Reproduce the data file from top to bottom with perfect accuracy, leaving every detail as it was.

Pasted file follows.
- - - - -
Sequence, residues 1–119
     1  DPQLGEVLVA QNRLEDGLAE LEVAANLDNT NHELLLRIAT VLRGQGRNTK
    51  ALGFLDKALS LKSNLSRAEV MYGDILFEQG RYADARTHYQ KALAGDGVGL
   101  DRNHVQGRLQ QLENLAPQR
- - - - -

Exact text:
Sequence, residues 1–119
     1  DPQLGEVLVA QNRLEDGLAE LEVAANLDNT NHELLLRIAT VLRGQGRNTK
    51  ALGFLDKALS LKSNLSRAEV MYGDILFEQG RYADARTHYQ KALAGDGVGL
   101  DRNHVQGRLQ QLENLAPQR